• It is a peculiar sensation, this double-consciousness, this sense of always looking at one’s self through the eyes of others, of measuring one’s soul by the tape of a world that looks on in amused contempt and pity. One ever feels his two-ness,—an American, a Negro; two souls, two thoughts, two unreconciled strivings; two warring ideals in one dark body, whose dogged strength alone keeps it from being torn asunder.
From the first scene, Bart refuses be what they want him to be, but he can’t exactly be himself either: He answers a request for “Camptown Ladies” with a rendition of the supremely white “I Get No Kick from Champagne” …but after that he seems to get “Camptown Ladies” stuck in his head, singing it to himself two times later on.

Who is Bart? To find out, he has to answer three questions: What do white people want him to be? What do his fellow black people want him to be? Who does he want to be? It’s hard for him to know. At the end, he gives a speech about how he’s needed elsewhere, “wherever people call out for justice,” but the townspeople all call out “Bullshit!” and he laughs in agreement. But he leaves anyway, headed “nowhere special.” He has united black and white to form a stronger town, but he cannot himself be at peace.

Thursday, October 22, 2015

Straying from the Party Line: The All-Powerful All-Confident Hero of “Blazing Saddles”

Bart in Blazing Saddles is a far more confident and powerful hero than we’re used to:
  • He shows no hesitation before happily strolling into this wildly dangerous situation.
  • We don’t find out a lot about his hopes/fears/questions.
  • He seems to be largely un-anxious and downright bemused by his extraordinary journey, except one brief moment of self-doubt at the exact midpoint, but even here, we can see on his face that he’s almost incapable of staying unhappy for more than five seconds.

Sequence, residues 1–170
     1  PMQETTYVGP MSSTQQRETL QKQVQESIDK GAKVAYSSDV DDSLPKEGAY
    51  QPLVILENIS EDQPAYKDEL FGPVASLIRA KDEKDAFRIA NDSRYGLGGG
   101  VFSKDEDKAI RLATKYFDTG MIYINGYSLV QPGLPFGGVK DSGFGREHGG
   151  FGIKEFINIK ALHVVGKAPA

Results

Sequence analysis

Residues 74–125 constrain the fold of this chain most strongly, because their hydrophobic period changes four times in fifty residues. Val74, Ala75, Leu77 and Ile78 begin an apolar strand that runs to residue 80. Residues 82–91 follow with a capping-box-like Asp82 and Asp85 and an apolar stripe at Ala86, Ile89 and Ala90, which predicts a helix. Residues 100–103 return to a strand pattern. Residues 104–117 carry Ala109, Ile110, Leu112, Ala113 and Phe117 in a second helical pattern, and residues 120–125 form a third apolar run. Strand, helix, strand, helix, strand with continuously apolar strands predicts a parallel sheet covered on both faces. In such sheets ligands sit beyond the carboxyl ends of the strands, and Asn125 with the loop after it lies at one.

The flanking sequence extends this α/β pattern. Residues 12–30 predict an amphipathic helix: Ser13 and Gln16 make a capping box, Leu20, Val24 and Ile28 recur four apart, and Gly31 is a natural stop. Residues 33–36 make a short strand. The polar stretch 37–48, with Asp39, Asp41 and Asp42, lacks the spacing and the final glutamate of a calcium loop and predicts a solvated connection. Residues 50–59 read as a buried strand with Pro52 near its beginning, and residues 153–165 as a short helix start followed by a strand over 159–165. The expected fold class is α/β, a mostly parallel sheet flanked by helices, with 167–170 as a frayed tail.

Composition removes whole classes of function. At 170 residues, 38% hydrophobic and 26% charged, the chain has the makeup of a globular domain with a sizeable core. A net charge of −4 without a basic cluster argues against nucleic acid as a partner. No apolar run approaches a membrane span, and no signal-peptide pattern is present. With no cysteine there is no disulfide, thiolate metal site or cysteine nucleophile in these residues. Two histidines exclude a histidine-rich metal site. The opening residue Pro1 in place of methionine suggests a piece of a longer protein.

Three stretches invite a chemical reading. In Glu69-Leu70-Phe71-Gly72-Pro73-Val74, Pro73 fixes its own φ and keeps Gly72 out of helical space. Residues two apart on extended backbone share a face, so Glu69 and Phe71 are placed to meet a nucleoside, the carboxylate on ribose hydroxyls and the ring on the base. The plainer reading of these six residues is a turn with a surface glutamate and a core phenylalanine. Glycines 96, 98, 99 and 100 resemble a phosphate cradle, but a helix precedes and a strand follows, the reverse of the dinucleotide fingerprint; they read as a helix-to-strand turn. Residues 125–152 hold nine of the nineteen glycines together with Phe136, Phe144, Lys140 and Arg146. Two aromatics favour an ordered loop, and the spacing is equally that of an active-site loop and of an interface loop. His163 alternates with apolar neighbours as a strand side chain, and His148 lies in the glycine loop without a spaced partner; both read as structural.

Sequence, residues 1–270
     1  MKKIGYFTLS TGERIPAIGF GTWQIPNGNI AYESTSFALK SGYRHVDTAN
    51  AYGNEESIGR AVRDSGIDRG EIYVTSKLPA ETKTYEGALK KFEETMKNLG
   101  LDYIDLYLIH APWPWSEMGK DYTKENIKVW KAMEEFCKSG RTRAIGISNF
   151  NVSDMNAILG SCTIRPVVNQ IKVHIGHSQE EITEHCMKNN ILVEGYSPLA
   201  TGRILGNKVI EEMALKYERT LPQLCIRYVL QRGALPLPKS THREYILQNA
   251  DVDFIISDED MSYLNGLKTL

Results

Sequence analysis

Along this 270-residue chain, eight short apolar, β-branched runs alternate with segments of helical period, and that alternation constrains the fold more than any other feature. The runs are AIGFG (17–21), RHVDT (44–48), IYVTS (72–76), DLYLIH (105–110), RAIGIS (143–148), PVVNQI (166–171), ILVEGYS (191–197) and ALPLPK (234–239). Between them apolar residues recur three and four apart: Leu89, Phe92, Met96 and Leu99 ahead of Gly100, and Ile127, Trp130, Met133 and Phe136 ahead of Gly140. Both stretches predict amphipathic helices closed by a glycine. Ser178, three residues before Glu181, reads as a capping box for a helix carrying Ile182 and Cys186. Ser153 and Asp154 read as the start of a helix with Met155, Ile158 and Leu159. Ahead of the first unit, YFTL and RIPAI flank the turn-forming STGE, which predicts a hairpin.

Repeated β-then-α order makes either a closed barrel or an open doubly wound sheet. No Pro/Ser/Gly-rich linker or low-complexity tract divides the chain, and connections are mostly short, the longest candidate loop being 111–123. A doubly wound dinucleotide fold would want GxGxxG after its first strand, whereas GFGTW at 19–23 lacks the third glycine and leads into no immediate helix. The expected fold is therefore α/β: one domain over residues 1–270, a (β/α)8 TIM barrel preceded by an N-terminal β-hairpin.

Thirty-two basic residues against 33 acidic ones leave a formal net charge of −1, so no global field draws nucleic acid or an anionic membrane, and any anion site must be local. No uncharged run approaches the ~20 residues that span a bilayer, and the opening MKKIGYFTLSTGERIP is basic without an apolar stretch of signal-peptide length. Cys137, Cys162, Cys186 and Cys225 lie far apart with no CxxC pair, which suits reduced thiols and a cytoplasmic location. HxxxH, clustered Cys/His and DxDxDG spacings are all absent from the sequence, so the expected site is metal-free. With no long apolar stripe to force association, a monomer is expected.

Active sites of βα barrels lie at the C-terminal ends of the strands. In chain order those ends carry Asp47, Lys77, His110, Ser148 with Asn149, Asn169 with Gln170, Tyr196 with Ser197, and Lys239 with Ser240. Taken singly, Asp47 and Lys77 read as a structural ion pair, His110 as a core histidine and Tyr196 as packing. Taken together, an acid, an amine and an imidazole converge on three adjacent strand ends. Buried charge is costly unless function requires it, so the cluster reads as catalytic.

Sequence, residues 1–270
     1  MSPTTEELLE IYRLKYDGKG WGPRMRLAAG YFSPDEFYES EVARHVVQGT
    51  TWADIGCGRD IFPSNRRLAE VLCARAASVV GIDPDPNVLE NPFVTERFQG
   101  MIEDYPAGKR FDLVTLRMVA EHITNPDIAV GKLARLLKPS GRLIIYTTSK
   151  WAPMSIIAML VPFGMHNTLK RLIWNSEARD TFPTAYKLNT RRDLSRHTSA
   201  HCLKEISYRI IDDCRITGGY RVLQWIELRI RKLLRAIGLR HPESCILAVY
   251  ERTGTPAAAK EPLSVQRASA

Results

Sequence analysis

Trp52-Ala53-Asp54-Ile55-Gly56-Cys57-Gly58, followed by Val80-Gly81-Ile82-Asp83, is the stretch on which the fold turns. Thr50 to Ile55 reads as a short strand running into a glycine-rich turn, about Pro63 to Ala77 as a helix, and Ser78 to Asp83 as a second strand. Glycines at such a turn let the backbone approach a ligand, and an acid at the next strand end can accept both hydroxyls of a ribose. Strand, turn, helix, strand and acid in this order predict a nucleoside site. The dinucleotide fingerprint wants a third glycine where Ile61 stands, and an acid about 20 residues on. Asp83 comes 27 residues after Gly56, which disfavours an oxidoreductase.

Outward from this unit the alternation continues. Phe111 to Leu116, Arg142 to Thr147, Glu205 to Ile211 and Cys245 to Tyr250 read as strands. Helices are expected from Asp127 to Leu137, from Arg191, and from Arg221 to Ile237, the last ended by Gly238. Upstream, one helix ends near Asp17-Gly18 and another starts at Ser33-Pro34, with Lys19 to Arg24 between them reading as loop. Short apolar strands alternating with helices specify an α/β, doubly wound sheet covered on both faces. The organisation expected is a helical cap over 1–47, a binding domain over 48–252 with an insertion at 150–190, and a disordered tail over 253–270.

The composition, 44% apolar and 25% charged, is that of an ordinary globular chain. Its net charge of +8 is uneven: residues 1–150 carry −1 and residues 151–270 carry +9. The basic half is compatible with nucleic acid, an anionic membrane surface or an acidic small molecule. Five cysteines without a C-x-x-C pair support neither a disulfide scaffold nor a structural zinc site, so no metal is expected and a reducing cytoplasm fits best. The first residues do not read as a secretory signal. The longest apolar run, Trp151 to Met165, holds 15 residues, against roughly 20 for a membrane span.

• He’s not especially vulnerable, physically or emotionally.
  • He experiences no gutpunch. No one ever confronts him about any flaws.
So why does it work? Bart is a type of hero we haven’t encountered yet: the trickster. The trickster has nearly omnipotent powers, and yet remains sympathetic because his struggles are not physical but social: he is destined to be an outcast.

As an almost-magical being with the confident ability to happily run circles around his haters, Bart’s most obvious literary antecedent is Bugs Bunny (He does an outright imitation at one point, complete with Bugs’s theme music.) * So why do we like Bugs? Because his opponents are trying to kill him for no reason. He’s an asshole, but all he wants is to be an asshole in peace, and they won’t let him. (By contrast, look at this early Bugs cartoon, in which he actually lures Elmer Fudd in, and we suddenly hate him.) Elmer and Yosemite Sam are rampaging gun-wielding killers (of the nervous and aggressive varieties), but they meet the one guy that can defeat them.

We identify with Bart despite his lack of external and internal weakness, simply because his enemies are so vile, his situation is so desperate (though he doesn’t show it), and his chances for ultimate acceptance is so non-existent.We cannot truly fear for him, but we can still pity him.

And then there’s another issue: he may not betray much anxiety, but it is there in the subtext. We’ll discuss that next time.

*But who was Bugs’s antecedent? Br’er rabbit of course. So now we have a Yoruba legend, transformed into a slave folk tale character, then mass-marketed by a white author writing in a black voice (Joel Chandler Harris), then transformed into a deracialized (but somewhat Jewishized) cartoon character (Bugs Bunny, as voiced by Mel Blank) then turned into a black western hero by a Jewish screenwriter (Andrew Bergman, author of the original screenplay), then transformed again by a black co-screenwriter (Richard Pryor) and black actor that had been brought in to restore some of the original trickster authenticity!

Tuesday, October 20, 2015

Storyteller’s Rulebook: Equal Offense Is a Tame Choice

When we think of Blazing Saddles, we think of how brazenly offensive it is, so much so that the movie couldn’t be made today, but is that because it’s offensive or because it’s partisan?

When Brooks turned his movie The Producers into a hit Broadway musical, the call went out for a follow-up and Brooks next chose to adapt Young Frankenstein, but that’s a little weird, right? That movie has only one song (the pre-existing “Putting on the Ritz”), while this one has five, four of which were written by Brooks for the movie.

The problem, of course, is a certain word beginning with “n”. This word was already offensive and taboo in 1974, but in a way that it could be used as an intentional outrage and still be uncomfortably accepted (and it greatly helped that Richard Pryor joined the movie as co-writer, giving the other four credited writers a lot of cover.) But by the time the Broadway shows were made, the climate had changed.